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Image / Self / Parenthood

Newsflash to men who say “babysitting” to talk about parenting: there is no start or end to parenting


By Rosemary MacCabe
08th Dec 2022
Newsflash to men who say “babysitting” to talk about parenting: there is no start or end to parenting

“You don’t babysit your own kids, you know. You just… parent them.”

I’m picking up sandwiches in a local sandwich shop when I hear it – although, I should say, it’s not the first time.

“What are you doing tonight?” the cashier asks her co-worker, who’s busy at the deli counter layering my baguette with slices of turkey and bacon and “American cheese”, the definition of which, I am positive, no one truly knows.

“Tonight?” he asks, absent-mindedly. “Uh… I’m babysitting my kid. Yeah, my girlfriend’s going out with some friends.”

She laughs, not unkindly, and corrects him. “You don’t babysit your own kids, you know. You just… parent them.”

He bristles ever so slightly (this had better not affect the quality of my lunch, I think) and replies, “Yeah, you can. I’m babysitting my kid tonight. You can babysit your own kid.”

“No,” she says. “You hire a babysitter to watch your kids when you can’t. But you watching your kids? That’s just life, once you have kids.” She laughs again, but I can tell she’s losing patience.

This is not, I think to myself, her first time having this conversation – although it might be his.

The Cambridge dictionary defines the verb “to babysit” as “to take care of someone’s baby or child while that person is out, usually by going to that person’s home”. On dictionary.com, “to babysit” is defined as “to take charge of a child while the parents are temporarily away”.

Unlike parenting, “to be or act as parent of”, babysitting is a job, and usually one that takes up a specific number of hours, one for which you can expect remuneration. There is a start time and an end time; when you go home after babysitting, for example, you are leaving your babysitting charge(s) behind.

There is no true “beginning” to parenting – you could argue that it’s at the moment of birth, although, for the pregnant person, it starts well before that – and there is no true “ending”, either. This is something that most of us recognise and accept.

And yet. This is not the first time I’ve heard a man talk about babysitting his own children and it will not, I’d hazard a guess, be the last.

Of course, there are exceptions, but by and large there is a societal expectation that men will be less “natural” parents than women, that they will need time to adjust and a little hand-holding to learn the “right” way to do things.

While I, as someone who has given birth, am expected to simply intuit the best way to parent my infant – I have lost track of the number of times people have answered my (reasonable) questions with, “oh… you’ll figure it out” – it feels as though my fellow parent is given a series of free passes with which to make mistakes and trip up and simply “forget” some of the more involved aspects of parenting.

Not only does this vastly underestimate the brain power of the average man, but it also assumes that the intuitive side of parenting is one that only applies to the birth-giver when, in fact, there is evidence in nature (look at frogs!) that the male of the species, when given the opportunity, will parent just as effectively and intuitively as the female.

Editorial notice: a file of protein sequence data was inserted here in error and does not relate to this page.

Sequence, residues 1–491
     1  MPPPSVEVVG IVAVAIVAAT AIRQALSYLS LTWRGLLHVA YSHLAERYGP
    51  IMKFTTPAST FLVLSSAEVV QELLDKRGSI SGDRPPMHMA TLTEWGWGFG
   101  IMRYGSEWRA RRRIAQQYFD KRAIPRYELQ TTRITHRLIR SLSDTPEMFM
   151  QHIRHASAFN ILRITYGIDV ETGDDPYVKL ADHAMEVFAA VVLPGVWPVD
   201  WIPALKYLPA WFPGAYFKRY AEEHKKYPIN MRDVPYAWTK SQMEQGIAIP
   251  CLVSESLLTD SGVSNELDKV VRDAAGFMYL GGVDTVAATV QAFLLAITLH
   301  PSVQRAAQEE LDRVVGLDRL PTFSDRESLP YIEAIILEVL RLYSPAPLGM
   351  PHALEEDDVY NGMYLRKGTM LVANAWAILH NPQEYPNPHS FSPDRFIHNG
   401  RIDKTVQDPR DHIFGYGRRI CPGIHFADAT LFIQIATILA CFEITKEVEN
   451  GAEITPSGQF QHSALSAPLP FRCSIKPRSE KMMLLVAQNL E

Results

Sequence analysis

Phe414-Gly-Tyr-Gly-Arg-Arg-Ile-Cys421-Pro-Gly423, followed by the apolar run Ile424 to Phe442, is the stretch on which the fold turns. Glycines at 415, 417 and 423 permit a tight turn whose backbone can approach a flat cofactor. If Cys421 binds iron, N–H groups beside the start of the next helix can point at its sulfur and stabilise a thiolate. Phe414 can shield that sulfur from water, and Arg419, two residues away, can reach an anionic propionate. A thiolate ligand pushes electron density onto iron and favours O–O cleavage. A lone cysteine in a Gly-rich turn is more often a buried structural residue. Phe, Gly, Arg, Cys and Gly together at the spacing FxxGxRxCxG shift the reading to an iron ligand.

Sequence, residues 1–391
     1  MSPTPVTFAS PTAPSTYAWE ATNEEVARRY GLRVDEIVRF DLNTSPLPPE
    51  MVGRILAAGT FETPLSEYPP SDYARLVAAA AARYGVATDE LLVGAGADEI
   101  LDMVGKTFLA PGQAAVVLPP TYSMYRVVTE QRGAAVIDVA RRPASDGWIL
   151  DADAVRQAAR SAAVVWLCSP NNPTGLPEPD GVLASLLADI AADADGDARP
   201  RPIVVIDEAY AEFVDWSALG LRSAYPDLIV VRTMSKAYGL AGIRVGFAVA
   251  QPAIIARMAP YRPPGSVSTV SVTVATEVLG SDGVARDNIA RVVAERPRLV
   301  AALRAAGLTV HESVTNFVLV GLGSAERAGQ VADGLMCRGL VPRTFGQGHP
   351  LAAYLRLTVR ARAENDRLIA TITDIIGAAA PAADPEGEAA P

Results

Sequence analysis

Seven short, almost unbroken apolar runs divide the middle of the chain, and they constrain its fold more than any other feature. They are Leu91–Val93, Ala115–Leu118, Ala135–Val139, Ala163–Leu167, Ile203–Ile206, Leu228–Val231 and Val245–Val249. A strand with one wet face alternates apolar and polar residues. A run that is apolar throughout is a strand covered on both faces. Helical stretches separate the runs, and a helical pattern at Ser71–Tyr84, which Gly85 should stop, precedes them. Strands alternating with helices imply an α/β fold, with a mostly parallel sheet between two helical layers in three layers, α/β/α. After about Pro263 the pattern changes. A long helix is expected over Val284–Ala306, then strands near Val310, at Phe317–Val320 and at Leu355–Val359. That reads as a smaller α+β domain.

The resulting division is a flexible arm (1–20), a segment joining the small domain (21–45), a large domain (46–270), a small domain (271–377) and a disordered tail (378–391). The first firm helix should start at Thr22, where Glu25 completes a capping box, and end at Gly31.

A lot of these assumptions are borne out in jokes, in memes that portray men as bumbling fools who don’t know which way a nappy goes on, or what to do with the snot-sucker (the clue’s in the name, but to look at it, I can see why you’d be confused). But the end result isn’t all that hilarious, because it results not only in men being told that they’re incapable of parenting their own children, but it also places extra pressure on women to parent “perfectly”, whatever that looks like, when their male partners are given the leeway to make mistakes and blame them on their innate bumbling foolishness.

Of course, there are also men – this is a generalisation, so assume that there will always be exceptions – who lean into this kind of traditionalist thinking, for whom the idea that the woman will be the primary caregiver offers them a way to shirk the responsibilities of co-parenting their own children.

Here is a newsflash to men who use the term “babysitting” to talk about parenting their own children: there is no start or end time to parenting. There is no leaving it behind when you walk out the door, and though we could all do with a little more praise and appreciation in general, do not expect to be rewarded for doing the bare minimum of parenting your children. (There, I said it.)

For what it’s worth, my husband is not perfect.

“I think women, because they’ve had all this time growing the baby, they automatically feel this bond,” he tells me one night in bed, when the lights are already out and he can’t see the derision on my face – he is using this belief (based on very little bar the fact that he has children and is an avid reader of threads on Reddit) to justify his own ability to simply not hear the baby crying at night.

“I just don’t hear him!” he tells me. “But listen – feel free to wake me. I’m always happy to go in.”

He’s not perfect, as I said, but at least he’s trying.

Photography by Unsplash.